I am writing to encourage support for Initiative 1631 on the November general-election ballot. This initiative would reduce air pollution and invest in clean air and water programs.
I have had the opportunity as co-chair of the Edmonds Mayors’ Climate Protection Committee to learn a great deal about factors leading to global warming and the actions we can take as community members to either increase Green House Gases (GHG) or to reduce them. Carbon pricing, such as found in this initiative, has been found to be a successful way to reduce GHG.
According to the Third National Climate Assessment the warming influence of GHG in the atmosphere has been increasing significantly over the last several decades. Long-lived GHG in the atmosphere increased their warming influence by 34 percent between 1990 and 2013. In the Pacific Northwest we can expect to experience increasing wildfire, insect outbreaks, and tree diseases that even now are causing widespread tree die-off and will probably cause additional forest mortality by the 2040s as a result GHG increases.
Because of increasing warming experts predict an increase in precipitation, also, for winter, spring, and fall, but a decrease in almost all parts of the region for summer.
Other countries have enacted carbon pricing systems successfully and had their GHG emissions drop. For instance, countries in the European Union Emissions Trading Scheme saw their GHG emissions drop by 8 percent over five years and Canada is planning to start a national carbon pricing system this year.
Initiative 1631 is a practical and affordable next step in ensuring a safe and clean environment in Washington State for our children and grandchildren. I find it consistent with both the Climate Change Acton Plan adopted by the Edmonds City Council and with Washington State’s clean air goals.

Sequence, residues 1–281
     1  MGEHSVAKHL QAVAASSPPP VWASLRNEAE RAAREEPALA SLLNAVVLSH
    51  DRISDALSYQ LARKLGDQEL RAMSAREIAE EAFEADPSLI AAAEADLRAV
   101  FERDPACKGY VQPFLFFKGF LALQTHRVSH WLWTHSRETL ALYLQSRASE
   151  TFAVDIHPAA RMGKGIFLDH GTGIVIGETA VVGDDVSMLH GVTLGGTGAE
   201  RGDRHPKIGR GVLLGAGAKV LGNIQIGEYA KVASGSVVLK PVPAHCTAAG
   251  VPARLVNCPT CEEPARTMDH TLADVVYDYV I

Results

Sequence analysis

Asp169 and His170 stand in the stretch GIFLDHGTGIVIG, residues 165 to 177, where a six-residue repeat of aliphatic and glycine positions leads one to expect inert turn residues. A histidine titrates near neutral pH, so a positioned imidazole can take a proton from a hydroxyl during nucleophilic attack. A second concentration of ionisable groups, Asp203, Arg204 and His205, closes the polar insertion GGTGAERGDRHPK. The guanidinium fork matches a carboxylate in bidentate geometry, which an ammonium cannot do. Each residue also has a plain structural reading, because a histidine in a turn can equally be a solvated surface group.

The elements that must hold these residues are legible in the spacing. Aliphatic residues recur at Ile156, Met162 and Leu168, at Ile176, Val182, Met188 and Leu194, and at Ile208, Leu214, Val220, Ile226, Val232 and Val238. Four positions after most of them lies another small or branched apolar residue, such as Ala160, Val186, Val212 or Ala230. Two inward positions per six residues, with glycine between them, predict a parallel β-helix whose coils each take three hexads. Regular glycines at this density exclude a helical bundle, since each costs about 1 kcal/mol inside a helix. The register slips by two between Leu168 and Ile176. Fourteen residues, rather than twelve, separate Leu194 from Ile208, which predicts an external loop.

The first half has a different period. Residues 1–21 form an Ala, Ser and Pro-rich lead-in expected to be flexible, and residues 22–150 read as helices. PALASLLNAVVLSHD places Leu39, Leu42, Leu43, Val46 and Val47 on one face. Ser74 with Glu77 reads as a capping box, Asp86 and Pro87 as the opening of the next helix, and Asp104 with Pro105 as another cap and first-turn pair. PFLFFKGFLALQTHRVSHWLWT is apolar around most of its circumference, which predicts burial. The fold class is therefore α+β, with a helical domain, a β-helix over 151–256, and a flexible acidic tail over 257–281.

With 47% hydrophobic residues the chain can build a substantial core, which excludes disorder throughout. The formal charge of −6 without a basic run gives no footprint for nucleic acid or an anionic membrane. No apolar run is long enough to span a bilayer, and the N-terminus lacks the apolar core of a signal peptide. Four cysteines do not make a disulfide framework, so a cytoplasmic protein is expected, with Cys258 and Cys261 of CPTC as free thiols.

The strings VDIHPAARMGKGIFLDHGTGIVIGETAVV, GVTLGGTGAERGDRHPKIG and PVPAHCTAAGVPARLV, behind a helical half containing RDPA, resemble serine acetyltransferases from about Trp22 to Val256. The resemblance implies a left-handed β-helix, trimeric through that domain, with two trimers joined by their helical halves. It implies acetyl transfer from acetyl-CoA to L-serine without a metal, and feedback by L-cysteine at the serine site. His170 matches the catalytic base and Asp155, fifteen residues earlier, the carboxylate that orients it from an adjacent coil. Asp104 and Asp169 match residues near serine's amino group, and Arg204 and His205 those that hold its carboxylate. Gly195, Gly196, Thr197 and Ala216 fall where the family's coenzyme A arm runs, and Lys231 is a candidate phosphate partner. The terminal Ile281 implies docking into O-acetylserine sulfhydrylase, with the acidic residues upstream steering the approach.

I-1631 has many of the key elements recommended for any carbon pricing system. It would:
• Enact a $15 per metric ton fee on carbon emissions by the largest polluters
• Invest the proceeds in efficiency upgrades for homes and businesses so they produce less GHG as well as save money on utility bills
• Invest the proceeds, also, in clean energy programs such as solar and wind energy, water-quality improvements, air quality, and forest health
• Have a fee increase of $2 per ton annually until the state achieves the 2035 goal of reducing overall GHG to 25 percent below 1990 levels. This would show substantial progress toward the goal of reducing GHG to 50 percent below 1990 levels by 2050
• Include a 5 percent investment in local communities to prepare for future challenges caused by pollution and changing climate
• Require that federally-recognized tribes be consulted on any projects affecting tribal lands. And 10 percent of investments must have formal support from a tribal government
• Incorporate accountability by setting up a public board to:
o Oversee investments
o Ensure that at least 35 percent of those investments benefit communities hardest hit by pollution and poverty
o Put 15 percent of all clean energy investments towards assisting low-income communities to transition to a clean energy economy
This initiative is needed because, while successful in setting ambitious goals, the legislature has been unable to pass legislation to accomplish those goals. It is for that reason a broad spectrum of organizations interested in environmental and public health have come together in support of this initiative. Over 250 organizations support I-1631 including those that represent scientists, environmental and clean energy advocates, working families, communities of color, health professionals, businesses, faith leaders, and tribal nations.
I know that the opponents criticize this initiative as a regressive tax. However, the initiative takes specific steps to be fair to residents of Washington state, specifically workers in carbon producing industries and low-income communities. As the organizers point out, this is a fee rather than a tax because funds collected go directly towards solving the problem of pollution and the fee is paid by the biggest corporate polluters.
Is it perfect? Probably not. But the time for delay has long passed.
Climate change is the challenge of our generation. It is incumbent on us to start to heal the impacts of years of industrialization so that we can pass along to the next generations a world they can live and flourish in.
Support for the initiative is one way for each of us to commit to reducing our GHG. It is action we can take personally and encourage our friends and family to do. I ask you, with all urgency, to support this initiative and urge others around you to do so also.